The price of copper edged higher in overnight trading. This, after moving higher Monday on news that the United States and China put their trade row “on hold,” according to Reuters.
The de-escalation in a potential trade war between the world’s two largest economies eased concerns and opened the markets to start the week.
Early indications this morning show the market in Shanghai hit a one-week high. Shanghai lead futures jumped 3.6 percent to their highest since October, tracking last session’s gains on the London Metal Exchange. Analyst point to the decision to step back and evaluate potential tariffs on China as the driving factor. “It appears that America and China have moved towards a trade deal, which will mean the expansion of U.S. goods purchased by China, and thus, avoiding the prospect of an out-and-out trade war,” Kingdom Futures said in a report.
Copper opened for trading this morning at $3.12 per pound. Click on the chart to get an up-to-the-minute update on the price of the red metal.
How High Will Copper Go?
No one has a crystal ball when it comes to the price of copper. Each week something happens that affects the price of the red metal. One week it can be trade talks with China. Another week it could be nuclear deals with Iran, or future talks with North Korea. Another week it could be the Fed raised interest rates, or not. The dollar plays a role. As do inventory levels in London.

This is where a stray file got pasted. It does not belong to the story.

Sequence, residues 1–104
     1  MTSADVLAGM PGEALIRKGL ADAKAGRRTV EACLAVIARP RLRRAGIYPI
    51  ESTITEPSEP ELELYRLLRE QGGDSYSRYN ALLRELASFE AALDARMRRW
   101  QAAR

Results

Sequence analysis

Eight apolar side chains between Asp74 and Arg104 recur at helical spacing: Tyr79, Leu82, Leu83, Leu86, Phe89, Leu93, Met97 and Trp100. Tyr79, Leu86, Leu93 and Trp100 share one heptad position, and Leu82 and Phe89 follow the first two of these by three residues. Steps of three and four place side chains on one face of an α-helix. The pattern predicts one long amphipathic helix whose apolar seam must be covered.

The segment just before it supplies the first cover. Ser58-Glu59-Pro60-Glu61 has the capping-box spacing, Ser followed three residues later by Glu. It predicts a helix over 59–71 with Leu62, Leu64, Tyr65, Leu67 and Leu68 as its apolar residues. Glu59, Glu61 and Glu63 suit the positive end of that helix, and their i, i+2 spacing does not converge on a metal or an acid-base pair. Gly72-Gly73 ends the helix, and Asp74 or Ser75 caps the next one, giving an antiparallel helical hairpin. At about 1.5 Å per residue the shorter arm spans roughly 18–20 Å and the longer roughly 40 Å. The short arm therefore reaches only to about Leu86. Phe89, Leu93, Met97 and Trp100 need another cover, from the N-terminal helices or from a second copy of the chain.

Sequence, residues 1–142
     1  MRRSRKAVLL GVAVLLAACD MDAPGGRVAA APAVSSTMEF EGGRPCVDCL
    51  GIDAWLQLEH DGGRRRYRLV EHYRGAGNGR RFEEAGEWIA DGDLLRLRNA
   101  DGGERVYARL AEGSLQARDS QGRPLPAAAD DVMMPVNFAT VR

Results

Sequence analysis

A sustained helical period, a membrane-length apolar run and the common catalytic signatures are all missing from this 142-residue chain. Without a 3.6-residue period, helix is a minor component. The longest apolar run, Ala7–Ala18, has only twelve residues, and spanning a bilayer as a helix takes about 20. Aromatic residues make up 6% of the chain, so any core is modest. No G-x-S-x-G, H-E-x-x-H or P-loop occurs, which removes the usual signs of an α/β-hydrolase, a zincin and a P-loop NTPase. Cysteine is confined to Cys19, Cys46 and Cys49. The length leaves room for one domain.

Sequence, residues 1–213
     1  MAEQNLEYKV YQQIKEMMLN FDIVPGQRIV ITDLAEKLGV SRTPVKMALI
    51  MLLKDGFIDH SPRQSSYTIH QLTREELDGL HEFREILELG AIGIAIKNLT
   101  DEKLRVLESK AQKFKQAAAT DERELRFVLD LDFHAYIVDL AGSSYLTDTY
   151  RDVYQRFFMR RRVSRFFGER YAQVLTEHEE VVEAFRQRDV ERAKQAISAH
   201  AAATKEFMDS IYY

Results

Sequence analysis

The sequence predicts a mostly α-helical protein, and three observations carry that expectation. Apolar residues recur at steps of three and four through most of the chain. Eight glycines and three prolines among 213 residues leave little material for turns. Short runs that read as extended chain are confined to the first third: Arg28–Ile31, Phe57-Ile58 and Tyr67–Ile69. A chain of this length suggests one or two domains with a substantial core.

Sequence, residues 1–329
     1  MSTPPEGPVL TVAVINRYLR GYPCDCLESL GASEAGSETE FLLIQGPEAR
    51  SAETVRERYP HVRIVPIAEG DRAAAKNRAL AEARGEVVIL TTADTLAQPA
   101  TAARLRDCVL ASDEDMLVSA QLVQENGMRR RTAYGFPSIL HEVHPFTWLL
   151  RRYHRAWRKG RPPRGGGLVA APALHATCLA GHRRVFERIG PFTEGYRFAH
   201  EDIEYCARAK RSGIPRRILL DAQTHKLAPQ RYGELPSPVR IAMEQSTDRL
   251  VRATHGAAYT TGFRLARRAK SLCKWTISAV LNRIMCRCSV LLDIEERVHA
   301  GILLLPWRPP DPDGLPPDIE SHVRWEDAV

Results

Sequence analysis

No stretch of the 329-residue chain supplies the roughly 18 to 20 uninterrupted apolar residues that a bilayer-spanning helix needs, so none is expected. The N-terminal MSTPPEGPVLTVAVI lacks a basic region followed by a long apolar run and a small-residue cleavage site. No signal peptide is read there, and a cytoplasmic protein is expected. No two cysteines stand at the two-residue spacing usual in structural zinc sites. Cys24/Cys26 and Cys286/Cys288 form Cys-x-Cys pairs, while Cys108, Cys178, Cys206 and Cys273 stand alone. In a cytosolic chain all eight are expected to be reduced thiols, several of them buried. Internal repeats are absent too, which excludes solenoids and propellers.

The scenarios are almost mind-numbing! Despite the influences, copper has withstood the recent battles and stuck around the $3 a pound level. Frequent tED contributor Andrew Hecht, of Seeking Alpha, ventures to ask, what if? What if we are on the verge of copper going up to $4 per pound, or even higher?
“While the dollar has recovered, and rates are heading higher, economic growth around the world continues to be supportive for the commodity that is a bellwether for building infrastructure,” Hecht says about the red metal. “The next significant technical level for copper futures above the December peak is at $3.44450 per pound, the December 2013 high. Above there, we could see price congestion at the $3.80 to $4.00 level. The all-time peak stands at $4.6495 per pound, the price from February 2011.”
Could Oil Help Fuel Copper Prices?
Hecht also points to the significant rise in the price of oil from $42.05 per barrel in June 2017 to over the $72 level recently having a significant impact on the price of copper. “Higher energy prices increase the cost of transporting copper and other commodities from points of production to areas of consumption in the world,” says Hecht. “The increasing price of oil is also a sign that the commodities asset class could be experiencing the next leg to the upside in a secular bull market that could last for coming years given the levels of economic growth around the globe.”
As usual, we will keep an eye on all things pertaining to copper and report it here.Tagged with 2018, copper